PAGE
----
Judge Finally Tells Kentucky Clerk That Denying Same-Sex Marriage Licenses Violates Rights
Kim Davis cannot use her right to religious freedom to "violate the constitutional rights of others," ruled U.S. District Judge David Bunning.
A federal judge has ruled that Kim Davis, who was a county clerk in Kentucky, violated the constitutional rights of same-sex couples to whom she repeatedly denied marriage licenses.
Davis, who made headlines and became a hero to many conservatives in 2015, claimed her right to religious beliefs allowed her to deny the licenses even though the Supreme Court had legalized same-sex marriage nationwide.
U.S. District Judge David Bunning in Ashland said in his ruling Friday that Davis “cannot use her own constitutional rights as a shield to violate the constitutional rights of others while performing her duties as an elected official.”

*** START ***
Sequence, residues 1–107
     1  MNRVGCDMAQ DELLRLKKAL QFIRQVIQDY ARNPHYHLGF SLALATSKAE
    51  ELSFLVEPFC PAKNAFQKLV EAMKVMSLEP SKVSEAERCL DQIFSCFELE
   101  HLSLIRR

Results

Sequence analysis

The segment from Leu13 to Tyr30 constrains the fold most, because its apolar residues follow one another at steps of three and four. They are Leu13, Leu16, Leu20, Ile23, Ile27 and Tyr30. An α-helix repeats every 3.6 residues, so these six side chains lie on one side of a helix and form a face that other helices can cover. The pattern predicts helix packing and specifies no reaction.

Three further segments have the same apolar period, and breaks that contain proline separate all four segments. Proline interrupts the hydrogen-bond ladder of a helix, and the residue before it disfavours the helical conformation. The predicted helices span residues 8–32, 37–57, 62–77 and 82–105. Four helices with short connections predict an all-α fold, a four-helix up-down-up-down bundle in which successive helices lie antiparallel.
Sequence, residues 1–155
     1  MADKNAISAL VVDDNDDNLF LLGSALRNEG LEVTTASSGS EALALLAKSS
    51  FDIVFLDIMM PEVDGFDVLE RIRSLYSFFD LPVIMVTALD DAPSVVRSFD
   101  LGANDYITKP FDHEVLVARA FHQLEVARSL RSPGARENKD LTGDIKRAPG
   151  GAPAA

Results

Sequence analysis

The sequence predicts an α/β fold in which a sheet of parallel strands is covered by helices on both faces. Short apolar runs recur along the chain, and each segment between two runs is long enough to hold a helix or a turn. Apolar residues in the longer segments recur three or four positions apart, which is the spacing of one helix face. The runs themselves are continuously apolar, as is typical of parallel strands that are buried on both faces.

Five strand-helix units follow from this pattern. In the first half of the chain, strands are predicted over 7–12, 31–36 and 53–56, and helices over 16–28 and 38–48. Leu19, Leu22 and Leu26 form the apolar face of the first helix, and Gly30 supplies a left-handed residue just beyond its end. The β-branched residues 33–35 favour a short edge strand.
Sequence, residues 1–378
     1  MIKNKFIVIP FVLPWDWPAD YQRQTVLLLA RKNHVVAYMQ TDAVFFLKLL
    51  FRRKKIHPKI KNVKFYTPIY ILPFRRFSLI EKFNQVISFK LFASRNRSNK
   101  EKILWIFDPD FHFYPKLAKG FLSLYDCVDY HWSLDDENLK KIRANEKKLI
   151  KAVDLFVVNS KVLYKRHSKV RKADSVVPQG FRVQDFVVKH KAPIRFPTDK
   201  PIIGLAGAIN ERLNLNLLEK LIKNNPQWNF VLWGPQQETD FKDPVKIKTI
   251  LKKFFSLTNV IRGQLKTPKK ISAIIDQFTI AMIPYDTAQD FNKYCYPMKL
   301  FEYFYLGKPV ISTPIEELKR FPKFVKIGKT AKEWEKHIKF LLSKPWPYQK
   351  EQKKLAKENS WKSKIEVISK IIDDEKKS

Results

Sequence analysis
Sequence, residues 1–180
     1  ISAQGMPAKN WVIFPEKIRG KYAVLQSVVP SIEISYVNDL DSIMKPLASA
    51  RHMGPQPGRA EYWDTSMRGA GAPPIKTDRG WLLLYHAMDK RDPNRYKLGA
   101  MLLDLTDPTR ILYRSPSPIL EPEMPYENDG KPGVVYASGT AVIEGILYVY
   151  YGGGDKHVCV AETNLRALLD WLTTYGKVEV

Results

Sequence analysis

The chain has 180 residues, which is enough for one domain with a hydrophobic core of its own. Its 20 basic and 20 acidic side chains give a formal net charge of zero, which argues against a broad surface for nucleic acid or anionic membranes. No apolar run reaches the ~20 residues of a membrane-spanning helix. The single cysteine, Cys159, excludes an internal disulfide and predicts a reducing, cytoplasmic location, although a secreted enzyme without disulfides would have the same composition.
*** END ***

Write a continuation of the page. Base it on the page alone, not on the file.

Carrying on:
It’s “apparent” the plaintiffs have a 14th Amendment “right to marry,” the judge wrote. “It is also readily apparent that Davis made a conscious decision to violate Plaintiffs’ right,” he added.
The case involved just two couples, but Davis refused to issue marriage licenses to any same-sex couples who sought them while she was clerk of Rowan County.
A lower court judge ordered her in 2015 to issue the licenses, and she was jailed for five days for contempt of court when she defied him. She was released only after her staff issued the licenses on her behalf but removed her name from the form. The state legislature later passed a law removing the names of all county clerks from marriage licenses.
A jury must now decide, likely next month, what damages Davis owes the plaintiffs.
Davis lost her reelection bid to the Rowan County clerkship to her Democratic challenger in 2018.